7. #17
    Senior Member bae's Avatar
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    Quote Originally Posted by JaneV2.0 View Post
    Call me an optimist, but hominids have been around for a millions of years, the climate has changed repeatedly, the planet's been bombarded by debris, and we're still here--so I doubt we'll all be wiped out any time soon.
    You might want to look at the scale of these events. Hominids have not yet been through one of the size I am mentioning....

    https://en.wikipedia.org/wiki/Cretac...tinction_event

  8. #18
    Senior Member JaneV2.0's Avatar
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    Anything could happen--polar shift, anyone? But I won't hold my breath. I suspect we all have more immediate matters to obsess over, anyway.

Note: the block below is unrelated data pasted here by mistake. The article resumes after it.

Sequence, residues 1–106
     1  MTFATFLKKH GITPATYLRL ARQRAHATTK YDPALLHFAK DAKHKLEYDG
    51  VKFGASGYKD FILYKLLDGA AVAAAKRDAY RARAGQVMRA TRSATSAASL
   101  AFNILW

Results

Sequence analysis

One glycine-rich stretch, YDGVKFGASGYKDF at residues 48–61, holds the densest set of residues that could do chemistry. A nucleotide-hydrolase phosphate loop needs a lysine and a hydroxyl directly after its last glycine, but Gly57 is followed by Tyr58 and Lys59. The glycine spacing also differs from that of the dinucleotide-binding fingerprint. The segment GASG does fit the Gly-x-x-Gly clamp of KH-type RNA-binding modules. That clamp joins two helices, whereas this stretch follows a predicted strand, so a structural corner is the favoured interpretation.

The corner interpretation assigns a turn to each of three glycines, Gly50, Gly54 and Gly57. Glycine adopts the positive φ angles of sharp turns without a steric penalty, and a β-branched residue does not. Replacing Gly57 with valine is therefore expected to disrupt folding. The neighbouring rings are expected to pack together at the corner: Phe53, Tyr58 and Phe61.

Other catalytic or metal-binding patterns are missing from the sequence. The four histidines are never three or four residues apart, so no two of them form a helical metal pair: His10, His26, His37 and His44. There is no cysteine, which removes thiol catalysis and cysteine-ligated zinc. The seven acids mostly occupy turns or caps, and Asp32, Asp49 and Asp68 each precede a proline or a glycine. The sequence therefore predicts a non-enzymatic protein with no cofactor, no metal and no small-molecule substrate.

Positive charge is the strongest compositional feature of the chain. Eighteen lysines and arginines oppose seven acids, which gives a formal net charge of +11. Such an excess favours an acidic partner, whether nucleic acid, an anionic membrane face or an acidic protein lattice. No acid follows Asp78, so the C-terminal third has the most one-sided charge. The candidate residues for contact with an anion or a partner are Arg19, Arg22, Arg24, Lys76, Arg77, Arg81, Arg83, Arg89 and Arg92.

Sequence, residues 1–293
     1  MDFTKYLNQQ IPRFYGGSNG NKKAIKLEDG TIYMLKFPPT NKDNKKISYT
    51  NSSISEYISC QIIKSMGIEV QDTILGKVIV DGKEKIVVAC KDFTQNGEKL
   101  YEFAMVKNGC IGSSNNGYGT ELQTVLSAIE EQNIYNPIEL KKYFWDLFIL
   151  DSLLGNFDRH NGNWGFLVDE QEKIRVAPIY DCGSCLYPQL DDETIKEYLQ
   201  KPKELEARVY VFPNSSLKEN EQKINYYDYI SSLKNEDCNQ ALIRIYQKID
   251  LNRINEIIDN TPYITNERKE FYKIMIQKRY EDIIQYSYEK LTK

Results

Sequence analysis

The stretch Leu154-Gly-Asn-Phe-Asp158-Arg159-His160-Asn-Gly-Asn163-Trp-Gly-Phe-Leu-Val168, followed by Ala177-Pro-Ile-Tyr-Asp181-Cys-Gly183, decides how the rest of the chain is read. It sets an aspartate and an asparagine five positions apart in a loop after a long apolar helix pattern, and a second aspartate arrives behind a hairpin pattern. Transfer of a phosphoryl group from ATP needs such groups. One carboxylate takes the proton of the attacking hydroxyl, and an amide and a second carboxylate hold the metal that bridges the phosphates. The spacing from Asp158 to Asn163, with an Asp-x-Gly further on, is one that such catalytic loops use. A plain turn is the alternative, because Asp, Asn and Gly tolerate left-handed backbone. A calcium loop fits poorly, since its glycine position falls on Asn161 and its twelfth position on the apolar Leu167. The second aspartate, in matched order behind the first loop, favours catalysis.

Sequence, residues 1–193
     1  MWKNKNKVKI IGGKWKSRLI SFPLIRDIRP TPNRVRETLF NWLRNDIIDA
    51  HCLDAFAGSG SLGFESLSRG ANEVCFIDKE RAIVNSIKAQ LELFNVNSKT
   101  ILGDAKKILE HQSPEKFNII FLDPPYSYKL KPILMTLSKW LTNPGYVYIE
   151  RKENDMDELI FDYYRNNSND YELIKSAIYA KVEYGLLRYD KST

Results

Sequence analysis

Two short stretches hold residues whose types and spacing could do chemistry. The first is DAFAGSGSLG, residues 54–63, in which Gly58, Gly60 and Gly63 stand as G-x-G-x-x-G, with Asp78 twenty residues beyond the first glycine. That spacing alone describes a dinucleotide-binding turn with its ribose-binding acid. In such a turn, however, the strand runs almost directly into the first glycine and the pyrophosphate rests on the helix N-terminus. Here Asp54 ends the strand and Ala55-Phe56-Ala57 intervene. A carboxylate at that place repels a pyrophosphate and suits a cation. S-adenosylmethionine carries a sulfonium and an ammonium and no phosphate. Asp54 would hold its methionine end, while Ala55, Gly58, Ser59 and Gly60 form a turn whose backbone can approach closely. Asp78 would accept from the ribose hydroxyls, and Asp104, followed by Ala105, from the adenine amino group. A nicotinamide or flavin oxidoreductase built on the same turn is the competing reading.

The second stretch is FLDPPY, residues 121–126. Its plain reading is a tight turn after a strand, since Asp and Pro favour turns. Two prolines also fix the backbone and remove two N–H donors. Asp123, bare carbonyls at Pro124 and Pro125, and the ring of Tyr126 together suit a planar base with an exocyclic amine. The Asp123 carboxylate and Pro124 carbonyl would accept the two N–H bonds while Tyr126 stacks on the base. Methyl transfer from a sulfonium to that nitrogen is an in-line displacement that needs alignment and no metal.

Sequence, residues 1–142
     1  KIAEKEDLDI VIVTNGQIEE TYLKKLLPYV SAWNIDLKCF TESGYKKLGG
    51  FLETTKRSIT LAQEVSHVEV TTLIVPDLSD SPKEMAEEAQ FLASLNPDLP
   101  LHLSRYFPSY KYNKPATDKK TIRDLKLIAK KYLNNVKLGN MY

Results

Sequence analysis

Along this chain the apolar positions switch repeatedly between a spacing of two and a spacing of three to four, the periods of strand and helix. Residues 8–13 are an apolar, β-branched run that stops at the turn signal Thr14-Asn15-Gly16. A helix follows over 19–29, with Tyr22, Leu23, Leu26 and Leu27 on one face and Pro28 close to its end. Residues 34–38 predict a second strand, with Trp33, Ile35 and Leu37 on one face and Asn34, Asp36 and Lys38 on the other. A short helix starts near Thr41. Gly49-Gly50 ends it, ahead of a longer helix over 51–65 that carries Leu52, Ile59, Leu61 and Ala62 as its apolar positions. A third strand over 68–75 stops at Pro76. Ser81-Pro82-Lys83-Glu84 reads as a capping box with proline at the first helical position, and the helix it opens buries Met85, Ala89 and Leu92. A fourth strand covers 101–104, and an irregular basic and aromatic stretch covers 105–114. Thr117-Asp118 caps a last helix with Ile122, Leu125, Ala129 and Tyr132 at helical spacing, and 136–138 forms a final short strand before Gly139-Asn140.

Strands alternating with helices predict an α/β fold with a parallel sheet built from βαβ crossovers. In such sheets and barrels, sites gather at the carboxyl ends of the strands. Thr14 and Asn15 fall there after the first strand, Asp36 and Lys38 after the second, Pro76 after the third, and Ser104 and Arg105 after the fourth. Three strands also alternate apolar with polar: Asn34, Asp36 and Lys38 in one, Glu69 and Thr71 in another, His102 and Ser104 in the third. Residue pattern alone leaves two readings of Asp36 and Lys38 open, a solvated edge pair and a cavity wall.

But someone has to worry about such things, i guess. It's just not going to be me.

  9. #19
    Senior Member bae's Avatar
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    Quote Originally Posted by JaneV2.0 View Post
    Anything could happen--polar shift, anyone?
    "Polar shift" is a fringe theory lacking in any sort of substantiating data. The date we do have indicates, well, it's not something that happens other than in movies.

  10. #20
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    One thing that narrowly missed most of us a few days ago was a celebration of Asteroid Day.
    https://www.space.com/37327-asteroid...17-events.html

    This thread also put me in mind of my favorite disaster film, "Melancholia." The characters await the inevitable collision of another planet with ours. There is no where to run to, and nothing to be done.